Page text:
The study was conducted indoors in the NVG Training Laboratory at the Institute of Aerospace Medicine, Bangalore. The subjects for the study were 30 healthy volunteers (29 male and 01 female) belonging to the age group of 20 to 35 years (Mean age 29.45±4.08). The subjects were randomly selected from the normal population and a written informed consent was taken prior to the study. The distant vision status, near vision status and colour vision of the volunteers was ascertained. Only emetropic volunteers with colour vision having cutoff limit maintained above CP-II by Ishihara book test for colour vision were selected for the study. The subjects acted as their own controls as the same subjects were used for both the conditions of the study i.e. photopic illumination condition and NVG conditions in both size determination and distance determination.

The NVG equipment used was a self-contained Gen 2+ helmet mounted passive binocular device. White cut outs were used as objects for distance determination. These were identical in size and shape, two in number and comprised of white chart paper of size 1m x 1m in an hourglass shape. The upper end of the cut-out had an extension, which was used to get it affixed on the clip available behind the arm of the black stand. The black stands were two in number and had an adjustable vertical arm at the end of which there was affixed a clip to hold the cut-out. The stands were painted black so as to give a contrast to the white colored cut-out.

The NVG focusing procedure was instructed to every subject prior to commencement of the NVG aspect of distance estimation study. The study proceeded further only after it was ensured that the subject had learnt the complete focusing procedure and was getting the maximum possible resolution with the NVG. The subjects were encouraged to spend as much time as required to adjust and focus the goggles prior to commencement of the study. The subject was made to view Sildermann’s 3x3 NVG resolution chart from 6 m with full moonlight illumination on the chart for the purpose of focusing.

The subjects were then taken to a corridor of length 144 ft which was perfectly darkened. The illumination measured when darkened was 0.052 Lux. There was provision of artificial lighting inside the corridor which was utilized for assessing the photopic distance estimates by the subjects. The entire corridor was measured and the measured distances were marked in meters and small labels were affixed on the floor blind to the subjects. The subjects were shown distance of 1 m, 4 m and 10 m with positive feedback correction as a practice session by keeping the object at the respective distances and asking the subject to make a mental picture of the same. The objects at photopic illumination in the NVG corridor were placed at predetermined distances which were blind to the subject and the estimated distance was noted down. Four estimations were made in a single setting.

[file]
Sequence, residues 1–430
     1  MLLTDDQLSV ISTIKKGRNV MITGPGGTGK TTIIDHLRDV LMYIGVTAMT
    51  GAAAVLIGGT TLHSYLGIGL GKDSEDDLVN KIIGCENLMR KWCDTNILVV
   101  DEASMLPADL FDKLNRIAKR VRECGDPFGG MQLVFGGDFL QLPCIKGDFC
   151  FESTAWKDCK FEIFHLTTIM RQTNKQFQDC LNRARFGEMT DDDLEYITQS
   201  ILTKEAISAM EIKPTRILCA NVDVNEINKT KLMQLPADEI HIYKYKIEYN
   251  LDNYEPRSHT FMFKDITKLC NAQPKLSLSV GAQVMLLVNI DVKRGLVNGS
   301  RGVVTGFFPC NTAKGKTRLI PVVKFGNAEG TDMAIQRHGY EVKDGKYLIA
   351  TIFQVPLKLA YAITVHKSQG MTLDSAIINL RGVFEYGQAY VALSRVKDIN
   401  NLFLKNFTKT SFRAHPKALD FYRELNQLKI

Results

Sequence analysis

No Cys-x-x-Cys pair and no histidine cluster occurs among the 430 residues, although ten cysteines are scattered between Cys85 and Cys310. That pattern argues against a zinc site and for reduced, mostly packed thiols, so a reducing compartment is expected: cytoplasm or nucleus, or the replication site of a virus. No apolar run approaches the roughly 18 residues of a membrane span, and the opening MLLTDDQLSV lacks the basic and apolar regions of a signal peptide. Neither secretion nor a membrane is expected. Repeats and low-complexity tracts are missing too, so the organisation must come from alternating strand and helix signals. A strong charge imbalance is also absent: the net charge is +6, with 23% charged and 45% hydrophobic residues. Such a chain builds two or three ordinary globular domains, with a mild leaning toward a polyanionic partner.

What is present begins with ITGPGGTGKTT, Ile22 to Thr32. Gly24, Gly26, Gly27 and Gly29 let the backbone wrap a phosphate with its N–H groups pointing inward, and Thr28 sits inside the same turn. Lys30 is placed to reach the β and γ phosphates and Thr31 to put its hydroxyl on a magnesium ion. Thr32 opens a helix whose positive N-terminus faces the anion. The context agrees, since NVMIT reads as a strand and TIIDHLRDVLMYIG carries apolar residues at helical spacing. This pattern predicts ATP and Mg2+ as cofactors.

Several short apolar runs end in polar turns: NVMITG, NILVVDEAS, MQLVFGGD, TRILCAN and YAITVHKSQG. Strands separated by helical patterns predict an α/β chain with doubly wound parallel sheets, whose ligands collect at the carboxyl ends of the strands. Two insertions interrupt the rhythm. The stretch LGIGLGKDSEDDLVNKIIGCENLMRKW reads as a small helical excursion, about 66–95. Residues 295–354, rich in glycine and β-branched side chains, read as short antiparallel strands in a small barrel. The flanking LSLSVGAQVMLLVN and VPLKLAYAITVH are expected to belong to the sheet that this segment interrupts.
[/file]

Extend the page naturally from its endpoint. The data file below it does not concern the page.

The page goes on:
For egocentric estimation, the distances were arbitrarily chosen as 13 m, 22 m, 28 m and 37 m. First measurement of egocentric distance estimation at photopic illumination was carried out followed by egocentric distance estimation using the NVG. The objects were randomly assigned to these distances under both photopic and NVG settings.

This was followed by four exocentric distance estimation of predetermined distance combination blind to the subject. The distances chosen were again arbitrary. Two of these distance were closer one and two; more apart. The distances were 3 m, 5 m, 11 m and 16 m. Similar readings as for egocentric were then taken firstly in photopic condition and then using the NVG with randomized combination of the same distances as in normal illuminations.

Single sample t-test was used to test the significance of departure of distance judgment from actual distances under photopic and NVG conditions. Paired t-test was done to estimate the differences between distance determination under photopic condition and with the usage of NVG.

Results

The distance estimation was done in two setups: Egocentric and Exocentric.

The mean estimated egocentric distance and error scores both with the photopic vision and with the usage of NVG with their corresponding standard deviation is shown in Table 1.

Table 1:: Mean (±SD) and error scores of egocentric distance estimates under photopic and NVG viewing conditions (n=30)
Egocentric Estimated Distance (m)
Distance (m) Photopic ±SD Error Scores NVG ±SD Error Scores t -value
13 12.3 ± 0.53 -0.7 10.7 ±1.15 -2.3 6.352**
22 20.6 ± 0.81 -1.4 18.53 ± 2.70 -3.47 4.623**
28 25.53 ± 2.03 -2.47 21.77 ±3.55 -3.76 6.031**
37 34.23 ±2.61 -2.77 30.83 ±5.08 -3.4 4.418**
p < 0.01 (Highly significant)